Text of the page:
Don't reserve the use of sunscreen only for sunny days. Even on a cloudy day, up to 80 percent of the sun's ultraviolet rays can pass through the clouds. In addition, sand reflects 25 percent of the sun's rays and snow reflects 80 percent of the sun's rays.
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How much sunscreen should be used, and how often should it be applied?
Sunscreens should be applied to dry skin 15-30 minutes BEFORE going outdoors. When using sunscreen, be sure to apply it to all exposed areas and pay particular attention to the face, ears, hands and arms. Coat the skin liberally and rub it in thoroughly — most people apply only 25-50 percent of the recommended amount of sunscreen. One ounce, enough to fill a shot glass, is considered the amount needed to cover the exposed areas of the body properly. Don't forget that lips get sunburned too, so apply a lip balm that contains sunscreen with an SPF of 30 or higher.
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What type of sunscreen should I use, and what ingredients should I look for?
There are so many types of sunscreen that selecting the right one can be quite confusing. Sunscreens are available in many forms including ointments, creams, gels, lotions, sprays and wax sticks. The type of sunscreen you choose is a matter of personal choice. Creams are best for individuals with dry skin, but gels are preferable in hairy areas, such as the scalp or male chest. Sticks are good around the eyes. Creams typically yield a thicker application than lotions and are best for the face. There also are sunscreens made for specific purposes, such as sensitive skin and for use on babies. Ideally, sunscreens should be water-resistant, so they cannot be easily removed by sweating or swimming, and should have an SPF of 30 or higher that provides broad spectrum coverage against both UVA and UVB light. Ingredients to look for on the sunscreen label to ensure broad-spectrum UV coverage include:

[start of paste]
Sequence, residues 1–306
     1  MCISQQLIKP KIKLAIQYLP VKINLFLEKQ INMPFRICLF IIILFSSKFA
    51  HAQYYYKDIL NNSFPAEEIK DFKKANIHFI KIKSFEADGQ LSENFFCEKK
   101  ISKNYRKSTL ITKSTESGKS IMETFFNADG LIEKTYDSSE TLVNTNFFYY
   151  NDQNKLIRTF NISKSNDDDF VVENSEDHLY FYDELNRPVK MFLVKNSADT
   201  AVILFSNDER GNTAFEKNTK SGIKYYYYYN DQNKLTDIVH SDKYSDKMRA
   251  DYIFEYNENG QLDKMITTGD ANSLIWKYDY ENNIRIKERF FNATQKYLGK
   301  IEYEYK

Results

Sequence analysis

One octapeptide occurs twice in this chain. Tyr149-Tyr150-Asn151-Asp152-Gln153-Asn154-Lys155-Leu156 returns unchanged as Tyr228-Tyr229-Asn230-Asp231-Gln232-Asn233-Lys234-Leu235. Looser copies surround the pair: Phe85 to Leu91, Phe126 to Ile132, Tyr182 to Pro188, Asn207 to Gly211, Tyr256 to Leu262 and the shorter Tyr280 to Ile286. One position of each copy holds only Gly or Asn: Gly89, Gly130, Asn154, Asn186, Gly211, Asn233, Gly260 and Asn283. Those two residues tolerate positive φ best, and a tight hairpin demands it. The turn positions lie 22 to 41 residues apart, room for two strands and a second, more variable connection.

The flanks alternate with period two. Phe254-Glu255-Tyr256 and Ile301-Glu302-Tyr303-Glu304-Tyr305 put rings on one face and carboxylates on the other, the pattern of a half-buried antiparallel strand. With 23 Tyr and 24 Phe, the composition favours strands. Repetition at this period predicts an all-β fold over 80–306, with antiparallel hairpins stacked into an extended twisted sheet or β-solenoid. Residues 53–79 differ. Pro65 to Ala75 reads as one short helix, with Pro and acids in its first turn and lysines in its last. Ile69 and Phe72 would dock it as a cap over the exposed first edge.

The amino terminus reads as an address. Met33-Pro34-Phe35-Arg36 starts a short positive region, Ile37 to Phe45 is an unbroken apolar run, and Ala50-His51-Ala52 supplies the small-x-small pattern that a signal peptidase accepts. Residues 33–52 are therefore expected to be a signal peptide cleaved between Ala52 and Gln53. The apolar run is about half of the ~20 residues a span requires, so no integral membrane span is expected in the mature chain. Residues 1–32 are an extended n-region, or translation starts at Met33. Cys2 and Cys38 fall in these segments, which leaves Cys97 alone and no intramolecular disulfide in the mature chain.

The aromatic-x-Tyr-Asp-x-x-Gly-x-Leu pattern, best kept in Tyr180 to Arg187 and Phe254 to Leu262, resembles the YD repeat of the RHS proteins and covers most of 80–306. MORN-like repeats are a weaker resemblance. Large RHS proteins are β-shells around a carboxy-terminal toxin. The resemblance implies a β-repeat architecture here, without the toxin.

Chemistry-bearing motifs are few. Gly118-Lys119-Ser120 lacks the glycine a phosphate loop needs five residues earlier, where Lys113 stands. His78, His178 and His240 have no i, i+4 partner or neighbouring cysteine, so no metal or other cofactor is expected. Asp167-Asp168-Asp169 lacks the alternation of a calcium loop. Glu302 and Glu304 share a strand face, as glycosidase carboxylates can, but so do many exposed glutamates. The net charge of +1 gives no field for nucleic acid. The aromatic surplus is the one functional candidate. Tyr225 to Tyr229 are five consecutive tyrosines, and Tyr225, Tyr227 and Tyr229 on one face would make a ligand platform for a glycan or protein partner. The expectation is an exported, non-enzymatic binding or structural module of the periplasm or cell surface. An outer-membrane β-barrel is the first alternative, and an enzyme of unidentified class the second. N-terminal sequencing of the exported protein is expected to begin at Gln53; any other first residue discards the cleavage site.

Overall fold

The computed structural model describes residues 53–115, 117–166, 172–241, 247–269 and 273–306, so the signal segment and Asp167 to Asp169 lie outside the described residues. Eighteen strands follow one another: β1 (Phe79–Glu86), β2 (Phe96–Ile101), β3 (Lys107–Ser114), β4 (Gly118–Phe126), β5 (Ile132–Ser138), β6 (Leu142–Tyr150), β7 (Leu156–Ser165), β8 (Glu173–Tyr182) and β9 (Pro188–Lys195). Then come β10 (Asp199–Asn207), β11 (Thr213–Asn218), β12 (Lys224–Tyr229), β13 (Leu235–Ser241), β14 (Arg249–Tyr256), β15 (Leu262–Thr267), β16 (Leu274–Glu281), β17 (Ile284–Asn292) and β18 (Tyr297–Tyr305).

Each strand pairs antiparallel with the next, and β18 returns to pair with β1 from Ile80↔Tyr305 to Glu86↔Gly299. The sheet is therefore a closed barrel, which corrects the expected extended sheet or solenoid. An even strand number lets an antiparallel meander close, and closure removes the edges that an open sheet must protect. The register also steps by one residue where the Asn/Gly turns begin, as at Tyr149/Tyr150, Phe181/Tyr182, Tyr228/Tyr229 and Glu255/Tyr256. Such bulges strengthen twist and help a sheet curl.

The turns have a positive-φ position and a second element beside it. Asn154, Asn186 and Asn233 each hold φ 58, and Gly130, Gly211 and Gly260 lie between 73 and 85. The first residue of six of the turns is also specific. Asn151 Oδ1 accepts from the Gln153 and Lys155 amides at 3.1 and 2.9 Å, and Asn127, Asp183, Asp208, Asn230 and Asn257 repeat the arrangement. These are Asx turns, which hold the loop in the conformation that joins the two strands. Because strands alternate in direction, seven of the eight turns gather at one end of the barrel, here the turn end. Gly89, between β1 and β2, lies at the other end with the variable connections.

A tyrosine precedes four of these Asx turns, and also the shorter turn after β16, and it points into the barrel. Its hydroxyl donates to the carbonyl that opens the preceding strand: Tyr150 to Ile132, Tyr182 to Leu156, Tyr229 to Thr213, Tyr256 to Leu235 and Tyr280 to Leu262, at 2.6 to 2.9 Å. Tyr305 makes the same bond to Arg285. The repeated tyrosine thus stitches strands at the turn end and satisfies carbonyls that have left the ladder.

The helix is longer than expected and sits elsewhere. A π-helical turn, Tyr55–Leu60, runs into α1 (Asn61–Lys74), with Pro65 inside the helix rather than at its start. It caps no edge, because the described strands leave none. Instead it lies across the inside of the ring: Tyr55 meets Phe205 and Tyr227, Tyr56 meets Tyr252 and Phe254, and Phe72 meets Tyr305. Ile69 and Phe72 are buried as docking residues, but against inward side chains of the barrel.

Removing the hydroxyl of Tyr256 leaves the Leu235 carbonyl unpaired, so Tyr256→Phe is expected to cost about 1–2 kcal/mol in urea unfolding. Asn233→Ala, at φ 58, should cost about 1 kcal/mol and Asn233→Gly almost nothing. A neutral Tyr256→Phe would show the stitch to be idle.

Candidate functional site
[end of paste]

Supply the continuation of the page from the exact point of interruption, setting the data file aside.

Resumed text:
Avobenzone (Parsol 1789)
Ecamsule (Mexoryl SX)
Titanium Dioxide
Zinc Oxide

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Is sunscreen application all I need to do to protect myself from the sun?
Sun exposure is the most preventable risk factor for all skin cancers, including melanoma. You can have fun in the sun and decrease your risk of skin cancer.

Here's how:

  • Generously apply a broad-spectrum, water-resistant sunscreen with a Sun Protection Factor (SPF) of at least 30 to all exposed skin. "Broad-spectrum" provides protection from both ultraviolet A (UVA) and ultraviolet B (UVB) rays. Re-apply approximately every two hours, even on cloudy days, and after swimming or sweating. Look for the AAD SEAL OF RECOGNITION® on products that meet these criteria.